Album Review
Godhead - The Shadow Realigned Album Cover

Godhead - The Shadow Realigned

Reviewed by
GodheadThe Shadow Realigned
Release Date: April 29, 2014
Record Label: Warrior Records
This review was written by an AP.net staff member.
Marilyn Manson, Slipknot, Disturbed, Tool, Linkin Park, and Depeche Mode. Those are just a few of the names that get dropped in the RIYL section of the press materials for The Shadow Realigned, a new remix album from the Los Angeles hard rock act, Godhead. As someone who has always kept about as far away as possible from most of those acts (with the exception of Depeche Mode, who are the odd men out anyway), I wasn’t expecting much when I clicked play on this compilation album. The first track, a tune called “The Gift,” remixed here by someone calling themselves “Robotic Beehive,” didn’t do anything to heighten my anticipation either. The remix slices up the vocals of visionary Godhead frontman Jason Miller into an appropriately robotic mess of autotune and computerized effects. And while the genre tag for this band is “hard rock,” this remix of “The Gift” sounds more like a bizarre collision between T-Pain, Kid Rock, and Dirty Vegas. No thanks.

Luckily, The Shadow Realigned is a versatile and eclectic mix of sounds, so if you don’t like one song, you can pretty much wait five minutes to hear a completely different side of the band. Though I was unfamiliar with Godhead leading up to this album, legend has it that the band is one of the most dynamic and durable bands from their scene. With roots in hard or alternative rock, Godhead could easily sink into the same generic tendencies that so many bands have fallen victim to in the decade since that kind of music (and the bands that ruled the airwaves with it in the early 2000s, from the aforementioned Linkin Park guys to duller pretenders like Staind and Three Days Graace) disappeared from the mainstream. Instead, Godhead explore elements of various types of music, including dance, electronic, industrial, and stadium rock. This album, which contains 14 separate remixes, each contributed by a different producer that the band has worked with and gotten to know over the years, only splits their split-personality further, which means it’s not cohesive in the slightest, but which also means that the album remains interesting and exciting – even for someone who doesn’t care a lick for most of the genres the record samples.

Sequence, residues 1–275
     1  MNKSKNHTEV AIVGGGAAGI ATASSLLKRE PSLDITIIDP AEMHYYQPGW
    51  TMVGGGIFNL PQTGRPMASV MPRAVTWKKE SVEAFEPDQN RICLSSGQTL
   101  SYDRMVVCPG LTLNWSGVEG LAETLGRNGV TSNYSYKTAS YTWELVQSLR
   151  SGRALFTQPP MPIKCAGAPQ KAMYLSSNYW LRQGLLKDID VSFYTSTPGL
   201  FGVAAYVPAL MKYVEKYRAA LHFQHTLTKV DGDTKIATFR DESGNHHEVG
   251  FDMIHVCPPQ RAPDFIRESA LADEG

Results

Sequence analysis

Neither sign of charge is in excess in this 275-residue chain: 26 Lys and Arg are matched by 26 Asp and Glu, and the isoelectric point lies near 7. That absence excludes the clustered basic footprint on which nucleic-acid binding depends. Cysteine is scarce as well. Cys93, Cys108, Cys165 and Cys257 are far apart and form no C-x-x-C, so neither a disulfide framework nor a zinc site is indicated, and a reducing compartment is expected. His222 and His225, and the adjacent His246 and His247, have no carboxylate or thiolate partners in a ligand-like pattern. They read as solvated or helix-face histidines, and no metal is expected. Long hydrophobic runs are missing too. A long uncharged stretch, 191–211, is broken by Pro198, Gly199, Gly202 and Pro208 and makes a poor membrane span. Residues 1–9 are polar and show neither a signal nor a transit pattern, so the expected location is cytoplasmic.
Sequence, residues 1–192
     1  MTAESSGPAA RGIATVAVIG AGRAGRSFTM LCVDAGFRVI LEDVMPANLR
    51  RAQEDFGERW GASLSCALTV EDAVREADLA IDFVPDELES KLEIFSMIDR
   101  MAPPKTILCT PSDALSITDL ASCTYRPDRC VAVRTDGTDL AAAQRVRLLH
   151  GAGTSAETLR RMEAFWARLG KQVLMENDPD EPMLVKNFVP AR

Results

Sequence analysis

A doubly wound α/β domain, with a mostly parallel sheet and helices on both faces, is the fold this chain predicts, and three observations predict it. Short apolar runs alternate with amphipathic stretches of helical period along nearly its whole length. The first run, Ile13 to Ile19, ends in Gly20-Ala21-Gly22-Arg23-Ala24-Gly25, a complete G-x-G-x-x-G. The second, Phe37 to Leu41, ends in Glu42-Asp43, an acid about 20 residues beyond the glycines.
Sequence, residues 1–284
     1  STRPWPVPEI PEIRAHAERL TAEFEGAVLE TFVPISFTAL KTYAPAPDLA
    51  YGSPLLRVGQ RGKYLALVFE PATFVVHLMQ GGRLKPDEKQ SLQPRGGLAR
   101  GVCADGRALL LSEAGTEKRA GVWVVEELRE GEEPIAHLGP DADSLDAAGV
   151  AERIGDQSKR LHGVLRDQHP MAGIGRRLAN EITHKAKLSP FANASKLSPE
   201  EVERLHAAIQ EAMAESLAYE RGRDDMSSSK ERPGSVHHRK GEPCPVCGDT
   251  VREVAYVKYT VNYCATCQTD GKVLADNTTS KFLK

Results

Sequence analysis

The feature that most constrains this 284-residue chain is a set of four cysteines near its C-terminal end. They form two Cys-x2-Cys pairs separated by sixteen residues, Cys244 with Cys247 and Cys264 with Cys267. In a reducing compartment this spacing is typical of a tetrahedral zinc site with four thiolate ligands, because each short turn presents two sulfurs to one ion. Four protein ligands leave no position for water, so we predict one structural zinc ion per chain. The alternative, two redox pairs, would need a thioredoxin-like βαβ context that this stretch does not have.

Despite the false start with Robotic Beehive, there are actually a few producers here who get very interesting sonic levels out of Godhead that I didn’t expect from this album after reading the RIYL. Case in point is “Fall Down,” a track remixed here by Joe Bashara. The tune eerily flips the norm of rock and roll mixing, giving prime focus to a scuzzy guitar part and burying the vocals in layers of industrial grime, fractious reverb, and echoes of ambient sound. It’s the perfect microcosm of a band that is often at its best in the least conventional territory. Frontman Jason Miller doesn’t have a bad voice, coming somewhere between Chris Cornell and Jon Bon Jovi (see “Unrequited,” which is about as close to a radio rock song as this album gets), but his lyrics and vocal melodies actually pull Godhead further into the generic alt rock genre than I think they want to go. When Godhead focuses on instrumental sections and expansive soundscapes, as they are on “Fall Down,” during the slow-burn grooves of “Hey You,” or with the dancefloor synth swirls of “Trapped In Your Lies,” their music thrills in ways that it never does with vocals.

I’ve often wondered why any band would consider doing a remix album. Even for artists I like and even for hip-hop, pop, R&B, and dance music where remixes are all the rage, I’ve never really cared for the concept or understood how an album full of remixed versions could justify its existence. An example was when Bloc Party remixed their debut album, 2005’s Silent Alarm, for a stopgap release. The new versions were mostly less compelling than their original counterparts, and the entire album reeked of being a cash grab. Here, however, I’m pleasantly surprised by how these remixes show off different sides of the band while usually still sounding like they’re coming from the same artist. For a fan already familiar with all of these tunes, perhaps The Shadow Realigned could sound as inessential as I find that Silent Alarm remix album (though fans of Godhead will undoubtedly still want this record for the two expertly rendered Kiss and Depeche Mode covers that close it). However, for someone unfamiliar with the group and their legacy, The Shadow Realigned is a surprisingly interesting journey into a slew of different musical spaces.

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